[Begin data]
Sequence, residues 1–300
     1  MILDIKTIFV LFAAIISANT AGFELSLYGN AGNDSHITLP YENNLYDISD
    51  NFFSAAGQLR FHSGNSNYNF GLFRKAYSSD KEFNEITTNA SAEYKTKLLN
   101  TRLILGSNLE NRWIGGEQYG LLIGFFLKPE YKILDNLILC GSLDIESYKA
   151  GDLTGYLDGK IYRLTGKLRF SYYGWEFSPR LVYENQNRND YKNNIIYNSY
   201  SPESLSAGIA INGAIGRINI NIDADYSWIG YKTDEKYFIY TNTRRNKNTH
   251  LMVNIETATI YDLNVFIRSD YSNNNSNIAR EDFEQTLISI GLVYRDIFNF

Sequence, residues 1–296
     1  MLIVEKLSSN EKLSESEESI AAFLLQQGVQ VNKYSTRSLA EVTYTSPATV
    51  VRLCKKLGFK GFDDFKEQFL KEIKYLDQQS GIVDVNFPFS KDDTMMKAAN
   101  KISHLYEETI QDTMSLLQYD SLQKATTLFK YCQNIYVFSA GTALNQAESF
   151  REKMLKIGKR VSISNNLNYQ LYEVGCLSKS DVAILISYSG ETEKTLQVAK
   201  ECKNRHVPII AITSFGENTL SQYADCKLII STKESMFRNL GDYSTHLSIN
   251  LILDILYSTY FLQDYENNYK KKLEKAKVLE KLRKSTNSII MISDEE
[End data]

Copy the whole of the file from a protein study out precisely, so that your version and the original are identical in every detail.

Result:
Sequence, residues 1–300
     1  MILDIKTIFV LFAAIISANT AGFELSLYGN AGNDSHITLP YENNLYDISD
    51  NFFSAAGQLR FHSGNSNYNF GLFRKAYSSD KEFNEITTNA SAEYKTKLLN
   101  TRLILGSNLE NRWIGGEQYG LLIGFFLKPE YKILDNLILC GSLDIESYKA
   151  GDLTGYLDGK IYRLTGKLRF SYYGWEFSPR LVYENQNRND YKNNIIYNSY
   201  SPESLSAGIA INGAIGRINI NIDADYSWIG YKTDEKYFIY TNTRRNKNTH
   251  LMVNIETATI YDLNVFIRSD YSNNNSNIAR EDFEQTLISI GLVYRDIFNF

Sequence, residues 1–296
     1  MLIVEKLSSN EKLSESEESI AAFLLQQGVQ VNKYSTRSLA EVTYTSPATV
    51  VRLCKKLGFK GFDDFKEQFL KEIKYLDQQS GIVDVNFPFS KDDTMMKAAN
   101  KISHLYEETI QDTMSLLQYD SLQKATTLFK YCQNIYVFSA GTALNQAESF
   151  REKMLKIGKR VSISNNLNYQ LYEVGCLSKS DVAILISYSG ETEKTLQVAK
   201  ECKNRHVPII AITSFGENTL SQYADCKLII STKESMFRNL GDYSTHLSIN
   251  LILDILYSTY FLQDYENNYK KKLEKAKVLE KLRKSTNSII MISDEE